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White, Drummond win Valley Harvest Marathon

More than 2,100 take part in 25th anniversary event

By Andrew Wagstaff
Maritime Runner
Oct. 8, 2017

WOLFVILLE, N.S. – Valley Harvest is more than just another run for Rachael Drummond of Timberlea. It’s become a family Thanksgiving tradition.
   Every year she makes the trip to Wolfville with her support team - her husband, her six-year-old son and three-year-old daughter – who wait patiently and cheer her at the finish. This year, they did not have to wait long, as she finished as the top female in the marathon, with a time of 3:32:00.
   “On a weekend where we all take some time to reflect on all the many things we have to be grateful for, this race most definitely makes my list,” she said. “We make a weekend of it every year, driving down with our family for apple picking, and the kids’ race, and then up early the next morning for the marathon.”

Matthew White of Halifax finished in first place at the Valley Harvest Marathon, with a time of 2:56:35.

Tim Chesnutt photo

   Drummond said she loves the Valley Harvest run because of its beautiful course, and amazing organizers, spectators and volunteers.
   “It was a little warm and humid today but there was a great breeze and, as always, the scenery and runners I was lucky to be able to chat with made it a great day for a run,” she said.
   Finishing first overall was Matthew White of Halifax, with a time of 2:56:35, the only marathoner to come in under the three-hour mark.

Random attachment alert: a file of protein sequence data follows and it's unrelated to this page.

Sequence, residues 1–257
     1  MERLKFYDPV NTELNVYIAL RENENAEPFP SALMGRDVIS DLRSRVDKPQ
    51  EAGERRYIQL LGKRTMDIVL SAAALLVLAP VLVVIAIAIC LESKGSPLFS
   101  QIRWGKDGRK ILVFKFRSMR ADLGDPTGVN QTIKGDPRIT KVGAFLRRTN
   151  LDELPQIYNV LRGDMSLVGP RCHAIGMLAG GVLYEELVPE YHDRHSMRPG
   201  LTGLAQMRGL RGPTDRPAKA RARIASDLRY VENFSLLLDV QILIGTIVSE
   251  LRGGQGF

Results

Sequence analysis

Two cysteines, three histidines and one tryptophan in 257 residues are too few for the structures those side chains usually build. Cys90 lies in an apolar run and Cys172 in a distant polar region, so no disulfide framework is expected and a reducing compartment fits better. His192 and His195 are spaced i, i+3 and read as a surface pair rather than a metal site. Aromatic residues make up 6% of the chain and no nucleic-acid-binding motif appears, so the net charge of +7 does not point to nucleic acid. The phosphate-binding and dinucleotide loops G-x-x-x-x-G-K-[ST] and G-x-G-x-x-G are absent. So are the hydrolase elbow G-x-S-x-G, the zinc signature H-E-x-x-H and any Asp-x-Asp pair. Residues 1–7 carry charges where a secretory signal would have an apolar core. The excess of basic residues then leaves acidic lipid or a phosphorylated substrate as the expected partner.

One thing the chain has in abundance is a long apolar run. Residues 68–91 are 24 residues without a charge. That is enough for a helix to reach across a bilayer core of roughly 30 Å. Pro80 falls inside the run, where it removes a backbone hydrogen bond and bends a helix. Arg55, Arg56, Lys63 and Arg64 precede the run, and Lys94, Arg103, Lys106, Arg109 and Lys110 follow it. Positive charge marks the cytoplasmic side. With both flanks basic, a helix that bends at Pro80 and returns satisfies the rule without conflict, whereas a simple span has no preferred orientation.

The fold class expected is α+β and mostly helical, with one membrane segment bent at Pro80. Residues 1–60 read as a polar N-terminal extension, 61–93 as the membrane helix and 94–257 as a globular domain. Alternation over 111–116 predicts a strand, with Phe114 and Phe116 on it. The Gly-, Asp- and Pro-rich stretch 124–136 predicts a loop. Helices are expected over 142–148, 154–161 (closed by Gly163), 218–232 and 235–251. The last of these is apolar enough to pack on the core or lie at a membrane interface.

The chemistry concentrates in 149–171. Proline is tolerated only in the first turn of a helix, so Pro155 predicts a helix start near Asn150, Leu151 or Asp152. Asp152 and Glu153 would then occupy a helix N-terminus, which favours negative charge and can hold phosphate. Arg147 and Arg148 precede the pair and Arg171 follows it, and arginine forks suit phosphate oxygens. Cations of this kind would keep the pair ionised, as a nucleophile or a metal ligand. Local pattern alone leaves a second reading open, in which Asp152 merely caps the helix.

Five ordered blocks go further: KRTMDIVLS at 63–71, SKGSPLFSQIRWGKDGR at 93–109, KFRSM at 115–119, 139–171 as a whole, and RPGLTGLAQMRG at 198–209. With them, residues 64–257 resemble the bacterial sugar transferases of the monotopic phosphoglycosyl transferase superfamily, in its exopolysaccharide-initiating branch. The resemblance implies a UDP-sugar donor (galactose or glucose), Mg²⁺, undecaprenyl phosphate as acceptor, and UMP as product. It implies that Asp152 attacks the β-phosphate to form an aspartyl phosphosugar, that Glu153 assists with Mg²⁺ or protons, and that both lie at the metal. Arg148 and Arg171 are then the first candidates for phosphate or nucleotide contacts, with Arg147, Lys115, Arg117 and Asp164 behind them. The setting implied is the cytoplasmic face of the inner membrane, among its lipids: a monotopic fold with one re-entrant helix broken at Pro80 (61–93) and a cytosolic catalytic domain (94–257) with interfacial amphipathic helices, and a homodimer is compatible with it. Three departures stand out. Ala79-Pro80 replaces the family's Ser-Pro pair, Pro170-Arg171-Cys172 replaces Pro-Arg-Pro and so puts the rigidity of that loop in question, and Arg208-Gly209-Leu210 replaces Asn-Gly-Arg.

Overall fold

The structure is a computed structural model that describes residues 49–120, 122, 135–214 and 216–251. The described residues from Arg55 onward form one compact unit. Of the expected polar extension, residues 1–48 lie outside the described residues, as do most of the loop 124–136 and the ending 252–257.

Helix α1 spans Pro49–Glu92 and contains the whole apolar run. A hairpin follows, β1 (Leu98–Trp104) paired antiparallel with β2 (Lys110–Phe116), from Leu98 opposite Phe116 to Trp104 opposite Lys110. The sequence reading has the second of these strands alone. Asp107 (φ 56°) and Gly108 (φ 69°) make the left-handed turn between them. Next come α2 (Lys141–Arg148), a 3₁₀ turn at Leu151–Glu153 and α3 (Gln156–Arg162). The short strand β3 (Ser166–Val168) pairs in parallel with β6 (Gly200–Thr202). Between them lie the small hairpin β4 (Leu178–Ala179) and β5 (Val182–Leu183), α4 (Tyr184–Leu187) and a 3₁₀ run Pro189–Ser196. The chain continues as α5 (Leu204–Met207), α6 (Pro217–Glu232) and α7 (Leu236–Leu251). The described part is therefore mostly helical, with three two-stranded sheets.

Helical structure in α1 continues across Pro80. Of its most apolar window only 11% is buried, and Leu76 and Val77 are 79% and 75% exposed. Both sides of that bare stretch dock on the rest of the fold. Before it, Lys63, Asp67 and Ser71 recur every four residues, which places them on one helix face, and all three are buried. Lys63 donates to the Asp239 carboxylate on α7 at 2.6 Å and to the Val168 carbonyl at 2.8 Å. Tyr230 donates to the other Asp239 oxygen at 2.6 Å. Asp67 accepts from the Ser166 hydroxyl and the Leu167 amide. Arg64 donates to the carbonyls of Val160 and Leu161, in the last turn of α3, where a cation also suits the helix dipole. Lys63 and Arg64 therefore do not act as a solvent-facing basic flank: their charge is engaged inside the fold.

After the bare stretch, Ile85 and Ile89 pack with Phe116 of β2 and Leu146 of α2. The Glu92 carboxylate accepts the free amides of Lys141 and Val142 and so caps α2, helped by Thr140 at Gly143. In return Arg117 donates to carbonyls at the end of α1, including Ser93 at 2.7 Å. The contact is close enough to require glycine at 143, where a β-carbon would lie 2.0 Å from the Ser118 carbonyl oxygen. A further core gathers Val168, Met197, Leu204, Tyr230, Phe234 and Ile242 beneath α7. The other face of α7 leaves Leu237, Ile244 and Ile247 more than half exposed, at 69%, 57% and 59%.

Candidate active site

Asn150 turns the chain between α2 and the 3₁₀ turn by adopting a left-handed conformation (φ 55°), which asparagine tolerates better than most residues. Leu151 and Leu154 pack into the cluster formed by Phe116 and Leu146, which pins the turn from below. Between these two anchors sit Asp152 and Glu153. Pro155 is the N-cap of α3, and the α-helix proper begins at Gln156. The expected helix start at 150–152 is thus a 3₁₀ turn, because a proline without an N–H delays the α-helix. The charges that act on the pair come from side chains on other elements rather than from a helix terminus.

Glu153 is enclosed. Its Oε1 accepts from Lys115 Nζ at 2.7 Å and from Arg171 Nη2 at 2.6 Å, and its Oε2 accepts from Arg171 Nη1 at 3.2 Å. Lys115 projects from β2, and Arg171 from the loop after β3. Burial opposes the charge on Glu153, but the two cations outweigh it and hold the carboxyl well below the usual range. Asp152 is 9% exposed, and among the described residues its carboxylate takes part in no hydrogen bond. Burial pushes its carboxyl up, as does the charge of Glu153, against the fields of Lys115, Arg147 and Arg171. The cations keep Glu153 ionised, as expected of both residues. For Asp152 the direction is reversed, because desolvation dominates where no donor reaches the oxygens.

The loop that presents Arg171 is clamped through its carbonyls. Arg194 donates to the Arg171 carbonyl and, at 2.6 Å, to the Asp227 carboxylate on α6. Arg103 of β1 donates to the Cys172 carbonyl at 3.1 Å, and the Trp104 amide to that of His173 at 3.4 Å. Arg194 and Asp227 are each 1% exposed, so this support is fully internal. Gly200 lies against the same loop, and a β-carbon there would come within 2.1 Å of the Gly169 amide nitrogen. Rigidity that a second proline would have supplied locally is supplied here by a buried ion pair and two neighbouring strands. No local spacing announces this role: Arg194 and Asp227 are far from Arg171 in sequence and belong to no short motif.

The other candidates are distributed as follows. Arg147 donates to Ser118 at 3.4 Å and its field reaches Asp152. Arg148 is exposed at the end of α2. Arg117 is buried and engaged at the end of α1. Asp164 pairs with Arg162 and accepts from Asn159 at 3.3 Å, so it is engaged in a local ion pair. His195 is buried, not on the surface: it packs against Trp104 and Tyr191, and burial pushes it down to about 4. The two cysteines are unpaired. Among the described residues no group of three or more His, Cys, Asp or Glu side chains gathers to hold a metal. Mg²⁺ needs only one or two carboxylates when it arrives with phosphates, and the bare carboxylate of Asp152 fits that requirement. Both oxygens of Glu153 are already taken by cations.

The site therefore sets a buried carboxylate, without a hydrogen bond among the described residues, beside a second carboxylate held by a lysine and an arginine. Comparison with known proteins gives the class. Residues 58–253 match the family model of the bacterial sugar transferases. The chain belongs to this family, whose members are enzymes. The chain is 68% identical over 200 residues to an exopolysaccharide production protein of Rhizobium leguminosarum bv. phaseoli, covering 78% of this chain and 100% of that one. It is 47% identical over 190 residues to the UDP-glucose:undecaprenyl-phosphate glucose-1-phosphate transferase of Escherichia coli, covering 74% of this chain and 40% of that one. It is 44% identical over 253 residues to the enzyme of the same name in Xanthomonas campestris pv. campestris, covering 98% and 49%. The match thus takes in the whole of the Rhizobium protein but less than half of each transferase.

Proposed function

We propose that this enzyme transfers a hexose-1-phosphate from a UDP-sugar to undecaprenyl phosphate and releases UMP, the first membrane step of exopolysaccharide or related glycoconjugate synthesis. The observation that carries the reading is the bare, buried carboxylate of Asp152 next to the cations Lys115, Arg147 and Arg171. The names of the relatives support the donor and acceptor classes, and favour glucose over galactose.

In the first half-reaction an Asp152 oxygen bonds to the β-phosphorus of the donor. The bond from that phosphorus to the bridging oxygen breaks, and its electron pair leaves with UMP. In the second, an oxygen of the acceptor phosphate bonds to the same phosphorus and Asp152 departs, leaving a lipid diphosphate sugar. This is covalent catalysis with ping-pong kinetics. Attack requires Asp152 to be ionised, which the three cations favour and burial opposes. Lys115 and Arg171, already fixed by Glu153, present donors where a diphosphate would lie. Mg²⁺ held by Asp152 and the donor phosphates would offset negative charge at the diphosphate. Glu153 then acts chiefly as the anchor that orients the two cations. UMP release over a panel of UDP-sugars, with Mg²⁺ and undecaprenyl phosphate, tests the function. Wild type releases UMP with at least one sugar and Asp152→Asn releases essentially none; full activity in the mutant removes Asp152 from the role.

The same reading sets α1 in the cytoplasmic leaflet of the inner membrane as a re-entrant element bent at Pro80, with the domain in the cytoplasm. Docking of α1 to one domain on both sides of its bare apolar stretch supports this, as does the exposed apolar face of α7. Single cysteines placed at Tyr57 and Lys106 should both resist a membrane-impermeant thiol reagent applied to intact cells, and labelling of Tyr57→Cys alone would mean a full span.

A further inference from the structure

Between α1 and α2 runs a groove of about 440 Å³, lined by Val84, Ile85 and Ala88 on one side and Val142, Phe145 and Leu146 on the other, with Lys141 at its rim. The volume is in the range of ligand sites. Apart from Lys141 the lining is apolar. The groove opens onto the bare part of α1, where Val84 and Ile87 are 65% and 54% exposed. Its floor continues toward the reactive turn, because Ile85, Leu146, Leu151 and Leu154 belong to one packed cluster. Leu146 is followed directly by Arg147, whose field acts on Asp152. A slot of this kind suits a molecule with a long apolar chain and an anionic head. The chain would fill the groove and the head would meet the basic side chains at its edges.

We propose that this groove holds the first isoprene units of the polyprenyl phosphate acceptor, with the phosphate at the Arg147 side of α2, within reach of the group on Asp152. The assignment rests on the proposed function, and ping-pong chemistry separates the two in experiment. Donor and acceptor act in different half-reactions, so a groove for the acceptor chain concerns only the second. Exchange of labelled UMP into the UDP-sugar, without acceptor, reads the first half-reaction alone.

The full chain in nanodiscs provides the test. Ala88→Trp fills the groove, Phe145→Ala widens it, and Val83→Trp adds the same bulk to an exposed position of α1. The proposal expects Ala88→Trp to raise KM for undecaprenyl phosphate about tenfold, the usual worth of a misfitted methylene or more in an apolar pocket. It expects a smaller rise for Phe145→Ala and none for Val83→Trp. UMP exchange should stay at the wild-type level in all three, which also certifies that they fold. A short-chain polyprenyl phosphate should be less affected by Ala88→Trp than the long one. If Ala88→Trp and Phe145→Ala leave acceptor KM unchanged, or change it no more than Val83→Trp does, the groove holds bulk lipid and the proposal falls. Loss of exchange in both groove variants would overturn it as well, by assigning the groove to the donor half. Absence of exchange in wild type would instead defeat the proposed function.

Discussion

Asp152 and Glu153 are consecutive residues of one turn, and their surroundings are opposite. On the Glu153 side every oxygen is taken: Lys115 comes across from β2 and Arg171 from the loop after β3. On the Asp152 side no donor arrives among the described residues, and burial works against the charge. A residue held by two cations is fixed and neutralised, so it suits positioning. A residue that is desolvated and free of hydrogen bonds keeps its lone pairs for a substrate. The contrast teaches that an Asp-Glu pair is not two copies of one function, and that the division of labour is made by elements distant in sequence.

Despite some challenging conditions, he said he was happy with how his race went.
   “I made a conscious effort to hold back at the beginning, given the unseasonably warm temperatures,” said White. “The heat and wind still took their toll and I really slowed down from kilometres 33-39, but those last three kilometres along the home stretch with the wind at our backs were quite pleasant.”
   He described the course as nice, but challenging.
   “I didn’t like the stretch before the turnaround where they sent us up Longspell Road and down Water Street,” he said. “That section was very rough with all the potholes and poor patching jobs.”
   Finishing in second place was Jonathan Walker at 3:03:20, followed by Frank Reinhardt at 3:05:31. Second among females was Marianne Maclean at 3:36:15, followed by Petra Spires at 3:37:59.
   For complete official results by Atlantic Chip, visit here .
   In the half marathon, Lee McCarron of Halifax got the job done with an impressive 1:18:11 finish, leading the Halifax Road Hammers to a number of impressive performances.
   “Valley Harvest is always a great event, well organized, challenging courses, and not too far from the city,” he said. “It’s nice to be able to come to Wolfville, have a great weekend, and jump into a race before you head home for a well deserved Thanksgiving dinner.”
   McCarron entered the race to help pace teammate Justin Clarke to a strong finish in the half, and also used the opportunity as a workout as he gears up for the California International Marathon in December.
   “It’s a tough course, with many ups and downs, and there is no real spot to find rhythm, so you’re constantly changing gears,” he said. “It was a little warmer than ideal, and the wind was blustery, but those are conditions that are uncontrollable, so we adjust race plans based on the day.”